For the Age of Ultron Prelude, I think that you may have guessed that I am not happy at all about the lack of any meaningful storyline or new material. I am also unhappy that for $13.59 I should have gotten, not only more pages, but a lesser price. Honestly, I think the value of the book should be $2.99--no more. It isn't enough to have a glitzy cover and glossy pages and vibrant art. I recommend you skip this book, it isn't worth your time or money. For all the above reasons, I rate this book 2 stars out of 5.

[9]
     For the book Marvel Avengers Battle Against Ultron, I recommend you buy it if you have any real interest in Ultron or the Avengers. It is very informative and well organized. Moreover, if you know a young person in the target group, it would make a wonderful gift to encourage reading. I loved this little book and for all the above reasons, I give this book 4.5 stars out of 5.

     Thank you for joining us this week as we got to see the other two books of most interest following the Age of Ultron movie. Please join me next time as I will give you a book radically different from superheroes, comics and spandex. Thank you, again, my friends. I really do look forward to being back with you next time with another new book.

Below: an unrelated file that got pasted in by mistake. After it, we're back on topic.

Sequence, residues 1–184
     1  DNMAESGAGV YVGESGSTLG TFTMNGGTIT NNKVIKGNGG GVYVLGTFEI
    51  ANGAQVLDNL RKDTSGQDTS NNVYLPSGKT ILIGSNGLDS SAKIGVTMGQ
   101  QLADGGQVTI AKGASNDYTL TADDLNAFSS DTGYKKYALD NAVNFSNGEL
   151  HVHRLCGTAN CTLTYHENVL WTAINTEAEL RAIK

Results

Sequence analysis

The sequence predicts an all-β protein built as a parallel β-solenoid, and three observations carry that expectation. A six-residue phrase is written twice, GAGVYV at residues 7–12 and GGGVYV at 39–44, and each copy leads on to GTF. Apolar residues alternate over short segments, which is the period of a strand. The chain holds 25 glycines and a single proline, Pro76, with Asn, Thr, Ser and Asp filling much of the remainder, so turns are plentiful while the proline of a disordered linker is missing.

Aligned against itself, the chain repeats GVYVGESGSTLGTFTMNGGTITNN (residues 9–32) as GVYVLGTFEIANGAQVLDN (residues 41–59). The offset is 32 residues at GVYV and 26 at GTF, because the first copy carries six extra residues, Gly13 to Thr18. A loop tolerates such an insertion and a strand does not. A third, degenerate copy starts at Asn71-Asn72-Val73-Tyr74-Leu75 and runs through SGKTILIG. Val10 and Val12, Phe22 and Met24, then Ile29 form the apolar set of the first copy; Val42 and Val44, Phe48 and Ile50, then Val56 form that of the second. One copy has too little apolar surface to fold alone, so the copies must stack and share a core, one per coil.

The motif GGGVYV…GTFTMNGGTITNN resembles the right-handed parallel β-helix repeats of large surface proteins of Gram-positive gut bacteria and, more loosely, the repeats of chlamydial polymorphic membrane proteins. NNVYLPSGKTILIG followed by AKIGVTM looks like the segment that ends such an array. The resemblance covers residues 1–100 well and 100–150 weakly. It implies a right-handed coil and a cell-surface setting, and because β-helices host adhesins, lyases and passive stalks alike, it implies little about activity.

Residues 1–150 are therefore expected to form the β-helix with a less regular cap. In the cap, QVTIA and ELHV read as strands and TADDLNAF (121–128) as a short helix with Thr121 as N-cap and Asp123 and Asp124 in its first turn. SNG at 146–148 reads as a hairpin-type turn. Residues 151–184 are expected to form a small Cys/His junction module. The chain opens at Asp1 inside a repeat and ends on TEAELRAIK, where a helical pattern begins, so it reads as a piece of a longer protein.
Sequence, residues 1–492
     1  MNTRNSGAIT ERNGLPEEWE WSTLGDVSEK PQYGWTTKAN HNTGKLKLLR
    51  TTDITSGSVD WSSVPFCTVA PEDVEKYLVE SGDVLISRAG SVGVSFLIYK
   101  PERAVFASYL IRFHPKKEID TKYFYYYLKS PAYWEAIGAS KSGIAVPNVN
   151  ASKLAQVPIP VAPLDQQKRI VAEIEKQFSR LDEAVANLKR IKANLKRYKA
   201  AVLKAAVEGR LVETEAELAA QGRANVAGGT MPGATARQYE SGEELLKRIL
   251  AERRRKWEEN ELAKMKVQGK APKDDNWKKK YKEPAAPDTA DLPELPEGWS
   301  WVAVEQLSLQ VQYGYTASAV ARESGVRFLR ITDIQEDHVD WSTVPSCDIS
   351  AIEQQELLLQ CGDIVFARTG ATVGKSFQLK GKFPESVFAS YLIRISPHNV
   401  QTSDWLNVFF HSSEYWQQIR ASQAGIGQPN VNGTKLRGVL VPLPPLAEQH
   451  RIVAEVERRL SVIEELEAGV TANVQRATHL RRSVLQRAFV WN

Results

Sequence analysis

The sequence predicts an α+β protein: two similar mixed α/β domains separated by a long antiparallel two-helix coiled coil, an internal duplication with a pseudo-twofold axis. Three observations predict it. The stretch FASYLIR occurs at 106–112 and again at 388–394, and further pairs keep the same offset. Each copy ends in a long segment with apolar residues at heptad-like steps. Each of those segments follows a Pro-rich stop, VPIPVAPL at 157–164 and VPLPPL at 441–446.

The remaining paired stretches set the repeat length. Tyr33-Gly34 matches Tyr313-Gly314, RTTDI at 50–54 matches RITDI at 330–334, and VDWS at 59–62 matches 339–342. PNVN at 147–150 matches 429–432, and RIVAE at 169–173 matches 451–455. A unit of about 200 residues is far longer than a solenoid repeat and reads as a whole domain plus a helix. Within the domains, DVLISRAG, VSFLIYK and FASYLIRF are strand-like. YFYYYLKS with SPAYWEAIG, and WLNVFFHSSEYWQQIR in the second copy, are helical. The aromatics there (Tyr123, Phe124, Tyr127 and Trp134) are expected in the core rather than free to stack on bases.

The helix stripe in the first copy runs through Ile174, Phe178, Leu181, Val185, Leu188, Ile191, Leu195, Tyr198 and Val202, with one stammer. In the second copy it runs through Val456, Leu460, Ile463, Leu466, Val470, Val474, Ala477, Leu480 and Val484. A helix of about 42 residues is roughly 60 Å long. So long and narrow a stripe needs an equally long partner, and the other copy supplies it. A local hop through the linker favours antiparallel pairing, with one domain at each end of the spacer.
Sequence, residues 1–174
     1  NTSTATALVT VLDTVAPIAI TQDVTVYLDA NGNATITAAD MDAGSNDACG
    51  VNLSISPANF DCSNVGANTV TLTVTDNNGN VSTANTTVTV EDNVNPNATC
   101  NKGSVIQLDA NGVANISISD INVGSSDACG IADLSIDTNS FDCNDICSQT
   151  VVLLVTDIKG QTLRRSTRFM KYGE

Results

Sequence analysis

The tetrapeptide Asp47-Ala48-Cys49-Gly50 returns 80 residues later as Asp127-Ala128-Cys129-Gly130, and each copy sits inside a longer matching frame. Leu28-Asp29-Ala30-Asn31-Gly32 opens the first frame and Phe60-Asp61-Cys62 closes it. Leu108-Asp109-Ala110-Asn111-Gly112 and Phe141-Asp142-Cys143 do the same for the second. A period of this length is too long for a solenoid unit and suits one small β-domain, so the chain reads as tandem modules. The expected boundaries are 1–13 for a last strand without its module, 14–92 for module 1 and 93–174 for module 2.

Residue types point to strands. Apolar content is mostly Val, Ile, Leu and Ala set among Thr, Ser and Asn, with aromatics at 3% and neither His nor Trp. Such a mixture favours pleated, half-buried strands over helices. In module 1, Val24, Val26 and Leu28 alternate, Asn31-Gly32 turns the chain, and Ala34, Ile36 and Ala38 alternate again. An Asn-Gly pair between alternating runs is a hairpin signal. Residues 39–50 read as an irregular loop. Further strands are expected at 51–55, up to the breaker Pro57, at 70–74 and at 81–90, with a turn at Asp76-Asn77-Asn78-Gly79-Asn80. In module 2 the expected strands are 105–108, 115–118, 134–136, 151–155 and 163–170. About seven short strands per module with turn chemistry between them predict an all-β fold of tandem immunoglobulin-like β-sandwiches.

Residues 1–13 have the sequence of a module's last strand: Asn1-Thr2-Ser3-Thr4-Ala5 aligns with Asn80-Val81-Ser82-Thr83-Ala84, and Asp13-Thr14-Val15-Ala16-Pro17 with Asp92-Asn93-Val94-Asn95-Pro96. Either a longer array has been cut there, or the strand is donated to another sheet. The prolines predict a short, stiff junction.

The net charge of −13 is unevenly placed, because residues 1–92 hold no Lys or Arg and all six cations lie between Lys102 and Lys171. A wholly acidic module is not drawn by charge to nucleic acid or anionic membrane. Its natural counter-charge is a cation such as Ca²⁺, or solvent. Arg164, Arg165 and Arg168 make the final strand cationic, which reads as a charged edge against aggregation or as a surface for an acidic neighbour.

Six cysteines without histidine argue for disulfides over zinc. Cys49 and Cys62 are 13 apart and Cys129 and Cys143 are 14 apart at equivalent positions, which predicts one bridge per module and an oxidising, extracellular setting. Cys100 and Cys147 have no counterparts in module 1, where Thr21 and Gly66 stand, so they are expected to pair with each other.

Until next time...
This flower is a white and red Rose of Sharon. [10]

...many happy pages of reading!

Be good to each other.

Sincerely,

Sharon.



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REFERENCES/SOURCES
[1] "Marvel Avengers Age of Ultron Prelude."  amazon.com. Retrieved 05-24-15.
[2] "The Avengers (2012) Review." [Kyle James Hovanec; 04-30-12] omgn.com. Retrieved 05-25-15.
[3] "Close-up of Book--Avengers Age of Ultron Prelude." amazon.com Retrieved 05-26-15.
[4] "Harry Potter and the Missing Story Elements." n0elle.com. Retrieved 05-27-15.
[5] "Peruvian Rip Off The Great Thief (Peru)." thelegionoftchortzine.blogspot.com. Retrieved 05-27-15.
[6] "After Thought." afterthoughtcomics.com. Retrieved 05-27-15.
[7] "Marvel Avengers Battle Against Ultron." amazon.com. Retrieved 05-24-15.
[8] "Motorcycle TV The Devil's Ride." ijustwant2ride.com. Retrieved 05-28-15.
[9] "4.5 Stars Out of 5." ishareimage.com. Retrieved 05-28-15.
[10] "White Rose of Sharon Gifts." zazzle.com. Retrieved 05-24-15.